Read the full review at TV Fanatic! 

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Chicago P.D

Chicago PD Review – Upton and Halstead Deal with an Domestic Abuse Case (7×16)

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Chicago PD Intimate Violence review

The case on Chicago PD Season 7 Episode 16 hit close to home for Upton.

The series previously established that Upon comes from a home affected by domestic abuse, and we saw her bring those experiences to the table when dealing with a case that started as armed robbery and quickly took a nasty turn into something more.

Michelle, a witness and “good samaritan” at the scene of the armed robbery, turned out to be the wife of the robber who refused to cooperate because she was too scared of what her husband would do to her.

As Upton and Halstead investigated — the dynamic duo is back! — they unearthed several cases of abuse including a brutal one that landed her in the hospital. Her excuse was that she “fell off her bike.”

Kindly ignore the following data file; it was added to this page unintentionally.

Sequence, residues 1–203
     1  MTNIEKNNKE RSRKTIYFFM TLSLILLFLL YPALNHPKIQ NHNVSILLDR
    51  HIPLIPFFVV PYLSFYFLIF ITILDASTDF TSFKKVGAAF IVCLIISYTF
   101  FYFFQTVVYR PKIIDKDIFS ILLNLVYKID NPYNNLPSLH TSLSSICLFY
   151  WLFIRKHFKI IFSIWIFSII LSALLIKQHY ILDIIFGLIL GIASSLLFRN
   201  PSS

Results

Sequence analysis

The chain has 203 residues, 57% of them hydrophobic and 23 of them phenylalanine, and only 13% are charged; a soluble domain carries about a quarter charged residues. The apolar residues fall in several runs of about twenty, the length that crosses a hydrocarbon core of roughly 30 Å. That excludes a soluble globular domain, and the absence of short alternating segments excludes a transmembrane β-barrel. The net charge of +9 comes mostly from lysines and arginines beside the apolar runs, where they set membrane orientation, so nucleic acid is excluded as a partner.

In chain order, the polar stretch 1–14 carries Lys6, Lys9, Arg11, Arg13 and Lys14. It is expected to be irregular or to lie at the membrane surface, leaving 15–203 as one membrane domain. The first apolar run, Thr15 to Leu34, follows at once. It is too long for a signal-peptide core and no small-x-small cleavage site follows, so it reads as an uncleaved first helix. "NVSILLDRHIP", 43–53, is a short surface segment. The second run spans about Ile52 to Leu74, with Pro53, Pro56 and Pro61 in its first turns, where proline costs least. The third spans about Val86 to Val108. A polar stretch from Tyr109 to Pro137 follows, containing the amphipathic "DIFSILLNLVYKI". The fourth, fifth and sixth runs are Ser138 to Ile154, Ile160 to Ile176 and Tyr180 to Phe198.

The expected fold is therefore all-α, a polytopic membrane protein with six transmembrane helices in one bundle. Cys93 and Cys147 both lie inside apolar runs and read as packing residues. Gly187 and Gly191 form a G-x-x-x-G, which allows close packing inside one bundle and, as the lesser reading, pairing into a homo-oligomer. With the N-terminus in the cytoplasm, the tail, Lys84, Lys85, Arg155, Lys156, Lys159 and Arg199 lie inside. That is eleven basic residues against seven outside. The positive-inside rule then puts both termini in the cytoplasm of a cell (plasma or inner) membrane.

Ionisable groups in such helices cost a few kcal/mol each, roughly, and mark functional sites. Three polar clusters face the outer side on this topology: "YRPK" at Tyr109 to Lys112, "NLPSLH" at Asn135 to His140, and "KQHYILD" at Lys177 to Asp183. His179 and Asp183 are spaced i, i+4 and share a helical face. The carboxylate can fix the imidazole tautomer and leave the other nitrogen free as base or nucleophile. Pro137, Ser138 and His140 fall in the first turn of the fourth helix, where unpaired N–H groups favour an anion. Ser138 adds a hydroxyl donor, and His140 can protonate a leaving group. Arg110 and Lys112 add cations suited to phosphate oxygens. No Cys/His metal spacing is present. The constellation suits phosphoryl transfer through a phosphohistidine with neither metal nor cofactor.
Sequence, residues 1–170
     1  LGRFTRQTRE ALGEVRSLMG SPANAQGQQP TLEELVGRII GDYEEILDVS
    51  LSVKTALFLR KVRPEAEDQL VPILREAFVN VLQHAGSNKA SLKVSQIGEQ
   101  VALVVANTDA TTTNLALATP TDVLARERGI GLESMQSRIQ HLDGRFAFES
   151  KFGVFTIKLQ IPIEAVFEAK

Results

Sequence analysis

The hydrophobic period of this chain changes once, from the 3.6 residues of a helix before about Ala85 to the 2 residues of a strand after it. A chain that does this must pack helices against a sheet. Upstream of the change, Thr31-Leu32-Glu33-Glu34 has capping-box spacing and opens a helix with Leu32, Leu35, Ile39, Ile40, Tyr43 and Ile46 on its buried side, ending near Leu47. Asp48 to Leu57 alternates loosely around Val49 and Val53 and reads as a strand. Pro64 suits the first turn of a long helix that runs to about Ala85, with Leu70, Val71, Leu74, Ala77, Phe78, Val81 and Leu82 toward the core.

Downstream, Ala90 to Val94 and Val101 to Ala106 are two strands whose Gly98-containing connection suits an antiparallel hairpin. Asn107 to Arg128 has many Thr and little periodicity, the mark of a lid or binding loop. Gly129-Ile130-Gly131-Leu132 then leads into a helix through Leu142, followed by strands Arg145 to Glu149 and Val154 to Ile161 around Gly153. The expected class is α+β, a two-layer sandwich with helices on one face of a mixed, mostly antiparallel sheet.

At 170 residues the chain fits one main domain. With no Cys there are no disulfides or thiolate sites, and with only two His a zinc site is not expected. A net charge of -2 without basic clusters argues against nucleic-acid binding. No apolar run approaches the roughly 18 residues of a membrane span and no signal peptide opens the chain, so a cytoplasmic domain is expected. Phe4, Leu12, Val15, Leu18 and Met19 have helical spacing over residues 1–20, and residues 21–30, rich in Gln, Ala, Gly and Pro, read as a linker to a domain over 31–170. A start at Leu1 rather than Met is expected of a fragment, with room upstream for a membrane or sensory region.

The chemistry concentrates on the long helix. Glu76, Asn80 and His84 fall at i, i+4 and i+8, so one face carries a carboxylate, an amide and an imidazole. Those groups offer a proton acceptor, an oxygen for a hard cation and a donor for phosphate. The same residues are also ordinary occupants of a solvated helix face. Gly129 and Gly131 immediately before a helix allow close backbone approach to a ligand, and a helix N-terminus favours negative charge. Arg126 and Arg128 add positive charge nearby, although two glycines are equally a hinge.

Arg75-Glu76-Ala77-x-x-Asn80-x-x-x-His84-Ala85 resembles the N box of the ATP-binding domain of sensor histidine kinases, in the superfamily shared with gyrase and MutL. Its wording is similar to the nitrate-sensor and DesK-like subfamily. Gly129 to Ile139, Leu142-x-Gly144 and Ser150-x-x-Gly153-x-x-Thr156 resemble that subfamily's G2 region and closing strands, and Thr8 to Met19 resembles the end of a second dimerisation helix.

Because of Upton’s past, she understood Michelle because she’d seen the same thing with her mother.

She knew that victims tend to become used to the abuse and lose hope, which is why it’s hard to get them to co-operate.

But Upton knew how to get through to Michelle to get her on board because she could put herself in her shoe’s and think the way she thinks,

And even once she agreed, it was risky because there was always the chance that Michelle would change her mind.

It happened when she decided to give Shane yet another chance and tried convincing him to stay instead of getting a confession, which she was tasked with doing.

Her flip is what forced Upton and Halstead to get involved and foil the case they were trying to build up.

Upton was so calm while surveilling Michelle and Shane because it was her reality for so long.

She knew what a normal domestic argument sounded like, and she knew when it was time to move in. She also understood that oftentimes intruding doesn’t make anything better.

It paints an incredibly sad picture of Upton’s childhood — I can almost see her as a young girl just covering her head with a pillow to block out the fighting — and one that was nicely juxtaposed with Halstead.

Every fiber of his being was screaming at him to run in there and make the violence stop.

Read the full review at TV Fanatic!